This is tough material to tackle sensitively, and not appropriate for every gaming table. But if your group is a group that can handle hard questions and big themes, naiads offer a window into stories that don’t usually get told in an ordinary dungeon crawl.
Adventurers are warned that a certain fey lord is bound to betray them. They will be put to sleep for 100 years, pixy-led into another realm, offered fruit that will trap them in Faerie, given seven-league boots that will rip them in half the first time they're used—any number of these awful fates and more. Prepared for this, the adventurers are stunned to find the lord to be an amiable host, who immediately and publicly names them his guests, offers them safe passage, and aids them in their quest. It is only on their return to his lodge that his trap is sprung. The fey lord’s daughter is a naiad whom the demon-possessed satyr Blackhoof has named as his betrothed—whether she consents or not. Blackhoof is coming to take his intended away with him this very night…and the adventurers, having partaken in the oaths of hospitality, are honor-bound to defend her with their lives while the fey lord watches.
A naiad gives a ranger her token, fortifying his will and steadying his hand so that every arrow he fletches flies a little straighter. Unfortunately, at the next river he comes to he is immediately set upon by boggards. The boggards are the thralls of the naiad’s jealous sister, who recognizes her sibling’s token and is determined to slay anyone who bears it out of spite.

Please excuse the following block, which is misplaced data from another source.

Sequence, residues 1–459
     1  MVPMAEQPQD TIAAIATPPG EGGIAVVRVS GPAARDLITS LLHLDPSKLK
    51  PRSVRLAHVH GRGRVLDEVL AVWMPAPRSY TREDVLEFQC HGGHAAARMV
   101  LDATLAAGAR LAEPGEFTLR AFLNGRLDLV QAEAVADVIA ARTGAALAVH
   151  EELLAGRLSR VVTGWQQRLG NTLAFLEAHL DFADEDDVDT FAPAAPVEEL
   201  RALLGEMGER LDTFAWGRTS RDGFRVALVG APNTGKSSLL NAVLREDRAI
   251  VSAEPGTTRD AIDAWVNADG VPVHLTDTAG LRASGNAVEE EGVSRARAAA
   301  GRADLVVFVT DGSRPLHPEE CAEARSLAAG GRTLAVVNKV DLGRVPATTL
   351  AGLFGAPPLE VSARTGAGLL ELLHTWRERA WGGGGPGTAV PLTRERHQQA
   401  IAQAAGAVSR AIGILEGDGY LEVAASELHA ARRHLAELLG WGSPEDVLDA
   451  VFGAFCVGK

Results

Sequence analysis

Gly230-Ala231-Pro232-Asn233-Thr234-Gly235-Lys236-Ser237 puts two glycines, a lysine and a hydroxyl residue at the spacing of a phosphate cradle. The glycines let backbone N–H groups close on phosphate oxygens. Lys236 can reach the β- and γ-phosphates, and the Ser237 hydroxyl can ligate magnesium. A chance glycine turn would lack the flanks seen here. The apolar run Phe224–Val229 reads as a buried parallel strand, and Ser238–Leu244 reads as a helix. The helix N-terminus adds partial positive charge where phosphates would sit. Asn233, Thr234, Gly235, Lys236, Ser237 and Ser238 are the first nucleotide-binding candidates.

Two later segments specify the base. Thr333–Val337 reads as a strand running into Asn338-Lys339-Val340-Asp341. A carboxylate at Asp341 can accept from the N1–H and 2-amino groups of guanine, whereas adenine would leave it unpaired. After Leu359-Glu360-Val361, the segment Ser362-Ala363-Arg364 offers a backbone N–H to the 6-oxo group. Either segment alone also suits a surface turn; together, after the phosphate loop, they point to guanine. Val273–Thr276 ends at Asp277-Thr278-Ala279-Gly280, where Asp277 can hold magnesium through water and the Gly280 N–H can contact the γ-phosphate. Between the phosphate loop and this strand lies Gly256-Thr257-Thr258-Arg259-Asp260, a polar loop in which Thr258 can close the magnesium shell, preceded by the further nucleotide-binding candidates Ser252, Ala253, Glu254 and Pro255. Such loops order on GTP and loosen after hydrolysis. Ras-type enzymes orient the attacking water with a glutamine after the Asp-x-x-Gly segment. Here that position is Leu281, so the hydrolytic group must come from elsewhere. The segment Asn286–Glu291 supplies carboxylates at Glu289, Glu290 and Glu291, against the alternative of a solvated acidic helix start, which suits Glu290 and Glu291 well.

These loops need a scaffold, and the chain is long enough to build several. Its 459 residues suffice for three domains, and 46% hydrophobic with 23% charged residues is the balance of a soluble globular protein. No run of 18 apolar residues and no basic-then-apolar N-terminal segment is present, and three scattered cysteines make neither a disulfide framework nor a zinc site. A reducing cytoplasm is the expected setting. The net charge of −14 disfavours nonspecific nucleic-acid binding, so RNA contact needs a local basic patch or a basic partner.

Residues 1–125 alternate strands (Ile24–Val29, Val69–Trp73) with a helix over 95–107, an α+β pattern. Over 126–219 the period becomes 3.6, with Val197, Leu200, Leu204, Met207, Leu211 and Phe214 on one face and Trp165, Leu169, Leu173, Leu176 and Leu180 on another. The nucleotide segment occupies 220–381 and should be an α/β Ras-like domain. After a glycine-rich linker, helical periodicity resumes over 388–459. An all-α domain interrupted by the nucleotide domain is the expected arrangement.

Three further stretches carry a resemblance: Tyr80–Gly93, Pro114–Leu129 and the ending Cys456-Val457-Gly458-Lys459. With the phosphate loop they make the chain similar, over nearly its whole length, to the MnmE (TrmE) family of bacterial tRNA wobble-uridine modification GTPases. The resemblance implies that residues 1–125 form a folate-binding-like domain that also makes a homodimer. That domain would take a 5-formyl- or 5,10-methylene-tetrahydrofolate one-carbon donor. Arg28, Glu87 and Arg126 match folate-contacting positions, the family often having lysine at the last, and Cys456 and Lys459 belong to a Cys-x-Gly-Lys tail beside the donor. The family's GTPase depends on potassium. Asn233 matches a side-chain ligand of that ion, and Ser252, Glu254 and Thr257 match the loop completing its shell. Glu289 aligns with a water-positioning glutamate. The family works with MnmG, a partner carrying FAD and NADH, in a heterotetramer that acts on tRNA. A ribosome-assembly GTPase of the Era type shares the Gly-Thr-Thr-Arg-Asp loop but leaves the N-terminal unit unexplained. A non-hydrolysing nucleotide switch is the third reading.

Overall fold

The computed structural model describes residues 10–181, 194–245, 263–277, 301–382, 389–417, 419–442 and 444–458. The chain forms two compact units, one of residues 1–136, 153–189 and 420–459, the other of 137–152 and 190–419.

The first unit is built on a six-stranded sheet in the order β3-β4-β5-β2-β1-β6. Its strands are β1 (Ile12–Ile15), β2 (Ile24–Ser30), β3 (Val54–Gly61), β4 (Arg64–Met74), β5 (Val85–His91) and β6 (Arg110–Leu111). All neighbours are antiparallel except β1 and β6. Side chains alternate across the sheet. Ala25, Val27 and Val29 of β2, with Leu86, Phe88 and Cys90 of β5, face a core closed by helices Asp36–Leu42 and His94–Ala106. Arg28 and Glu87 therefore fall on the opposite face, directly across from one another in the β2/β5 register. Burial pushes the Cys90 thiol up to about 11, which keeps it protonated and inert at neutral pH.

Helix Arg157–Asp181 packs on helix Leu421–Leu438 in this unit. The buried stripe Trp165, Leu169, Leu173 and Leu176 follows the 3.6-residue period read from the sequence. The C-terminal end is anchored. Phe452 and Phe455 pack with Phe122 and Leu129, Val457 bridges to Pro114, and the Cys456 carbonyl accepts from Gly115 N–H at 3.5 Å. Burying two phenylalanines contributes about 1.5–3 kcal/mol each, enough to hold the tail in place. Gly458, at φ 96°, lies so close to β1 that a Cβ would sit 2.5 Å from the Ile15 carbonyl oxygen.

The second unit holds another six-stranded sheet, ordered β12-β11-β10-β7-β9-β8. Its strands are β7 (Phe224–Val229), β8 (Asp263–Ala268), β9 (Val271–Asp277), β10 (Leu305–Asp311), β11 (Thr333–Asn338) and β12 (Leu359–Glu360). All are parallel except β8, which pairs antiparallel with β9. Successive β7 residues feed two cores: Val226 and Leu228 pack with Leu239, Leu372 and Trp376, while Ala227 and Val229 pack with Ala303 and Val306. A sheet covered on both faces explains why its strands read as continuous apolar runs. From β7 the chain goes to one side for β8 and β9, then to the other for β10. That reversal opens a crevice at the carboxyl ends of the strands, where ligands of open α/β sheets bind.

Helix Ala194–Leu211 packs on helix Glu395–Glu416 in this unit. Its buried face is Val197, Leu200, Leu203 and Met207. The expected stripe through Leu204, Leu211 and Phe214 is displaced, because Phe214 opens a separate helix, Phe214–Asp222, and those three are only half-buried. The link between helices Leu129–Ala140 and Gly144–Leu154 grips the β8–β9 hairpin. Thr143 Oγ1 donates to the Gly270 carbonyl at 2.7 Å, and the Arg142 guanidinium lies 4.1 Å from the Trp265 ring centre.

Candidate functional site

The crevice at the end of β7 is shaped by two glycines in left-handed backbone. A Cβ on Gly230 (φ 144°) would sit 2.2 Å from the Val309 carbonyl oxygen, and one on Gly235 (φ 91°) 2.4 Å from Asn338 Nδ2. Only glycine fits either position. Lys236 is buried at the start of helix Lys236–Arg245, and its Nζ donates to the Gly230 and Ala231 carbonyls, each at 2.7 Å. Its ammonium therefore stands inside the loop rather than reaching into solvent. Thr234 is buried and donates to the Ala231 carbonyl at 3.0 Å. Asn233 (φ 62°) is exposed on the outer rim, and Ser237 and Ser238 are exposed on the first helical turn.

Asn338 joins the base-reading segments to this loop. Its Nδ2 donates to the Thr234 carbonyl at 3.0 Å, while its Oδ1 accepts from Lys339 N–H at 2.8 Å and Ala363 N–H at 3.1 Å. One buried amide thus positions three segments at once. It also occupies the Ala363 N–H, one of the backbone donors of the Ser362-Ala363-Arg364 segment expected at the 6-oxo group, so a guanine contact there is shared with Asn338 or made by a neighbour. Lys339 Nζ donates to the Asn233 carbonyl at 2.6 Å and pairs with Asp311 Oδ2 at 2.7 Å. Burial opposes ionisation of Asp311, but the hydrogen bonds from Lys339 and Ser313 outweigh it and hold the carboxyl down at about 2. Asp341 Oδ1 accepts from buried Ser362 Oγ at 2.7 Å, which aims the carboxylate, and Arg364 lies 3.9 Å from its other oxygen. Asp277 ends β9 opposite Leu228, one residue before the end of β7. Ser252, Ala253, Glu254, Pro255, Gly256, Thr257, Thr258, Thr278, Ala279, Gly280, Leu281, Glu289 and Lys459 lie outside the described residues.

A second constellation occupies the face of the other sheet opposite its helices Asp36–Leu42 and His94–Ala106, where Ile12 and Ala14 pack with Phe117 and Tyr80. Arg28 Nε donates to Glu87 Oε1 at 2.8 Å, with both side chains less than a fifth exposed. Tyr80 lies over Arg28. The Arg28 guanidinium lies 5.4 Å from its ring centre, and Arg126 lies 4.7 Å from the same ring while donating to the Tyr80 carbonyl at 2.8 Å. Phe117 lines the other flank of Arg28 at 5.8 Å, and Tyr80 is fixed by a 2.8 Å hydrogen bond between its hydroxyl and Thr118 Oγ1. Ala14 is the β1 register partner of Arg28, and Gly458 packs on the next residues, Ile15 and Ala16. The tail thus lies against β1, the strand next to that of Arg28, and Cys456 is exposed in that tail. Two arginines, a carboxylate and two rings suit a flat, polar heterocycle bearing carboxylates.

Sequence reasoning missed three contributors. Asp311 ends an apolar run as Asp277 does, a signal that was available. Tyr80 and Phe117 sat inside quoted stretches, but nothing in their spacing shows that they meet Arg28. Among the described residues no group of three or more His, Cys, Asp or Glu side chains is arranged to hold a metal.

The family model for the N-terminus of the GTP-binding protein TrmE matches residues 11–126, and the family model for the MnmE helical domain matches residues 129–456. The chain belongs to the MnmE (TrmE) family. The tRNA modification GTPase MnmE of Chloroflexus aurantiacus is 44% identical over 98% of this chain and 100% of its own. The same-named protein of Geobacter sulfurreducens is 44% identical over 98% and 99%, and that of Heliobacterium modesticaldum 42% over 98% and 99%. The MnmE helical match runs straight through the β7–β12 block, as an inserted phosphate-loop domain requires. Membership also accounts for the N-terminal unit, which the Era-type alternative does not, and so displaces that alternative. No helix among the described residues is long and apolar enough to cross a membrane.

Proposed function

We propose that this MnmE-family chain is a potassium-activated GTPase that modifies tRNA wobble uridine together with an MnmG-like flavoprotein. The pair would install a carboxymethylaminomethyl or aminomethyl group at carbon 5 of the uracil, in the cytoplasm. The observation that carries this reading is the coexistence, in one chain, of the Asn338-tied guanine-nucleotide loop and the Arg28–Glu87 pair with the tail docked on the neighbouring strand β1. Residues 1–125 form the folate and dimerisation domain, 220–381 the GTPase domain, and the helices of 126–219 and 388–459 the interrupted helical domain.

The new dam at Carter Bridge is weeks behind schedule. The delay is the fault of a naiad who has been working to charm, distract, and if necessary harm the workers there, fearing what the dam will do to her beloved stream. But the snows were heavy this year, and if the dam is not built, the snowmelt may destroy whole villages during the spring floods. Adventurers may use force or diplomacy to bring the naiad to their side. If the dam is built, though, the change from wild stream to man-made lake causes the naiad to morph from female to male. How the naiad reacts to this gender transformation could be the germ of many adventures to come…
—Pathfinder Bestiary 6 200
Do you find a race of comely, all-female nymphs to be a somewhat sexist notion? Guyads are a thing in Pathfinder, so I’m sure gaiads are too.
If you’re looking for more Pathfinder monster content, the new blog monstersdownthepath has a similar passion for our favorite beasts. Dive in and see some fresh takes on your favorite beasts!
Looking for the myrmidon? Look way back here.
Audio News #1: Last June I was on the Pathfinder comedy podcast Laughfinder (find out more here and here). It was absurdly fun, and I’m delighted that my out-of-game rivalry with fellow (and much more professional) DJ Aaron Henkin has since become a running joke on the series. (Laughfinder has also since been nominated for the City Paper’s Best of Baltimore awards!)
The guys were kind enough to ask me back to reprise my role as the shapechanging urban ranger Renn Tallshoe in their special end-of-season epilogue.
This is a bit of a weird episode, as it’s inspired by Aaron Henkin’s award-winning Out of the Blocks series. So we trade the laughs and Dick Jokes™ for wry chuckles and a more thoughtful look at Red Point and its citizens. Nevertheless it’s a lot of fun and features a number of Baltimore comedians, including special guests Erik Woodworth, Todd Fleming, and Bunny Themelis. Enjoy!
Audio News #2: Ohmanohmanohmanohman. It’s Tuesday’s radio show! Youguysyouguysyouguys, I’m really excited about this one. New SPORTS, new Phoebe Bridgers, Sufjan Stevens “Illinois” turns gold, and more! This episode is a keeper, so stream/download here. (Sadly, because I’m posting this on Blogger pretty late, the link is only good till midnight tonight (Monday, 09/18/17). That’s less than an hour away, so grab it now!)
PS: Seriously, oh my God, the SPORTS happens at minute 2. Trust me.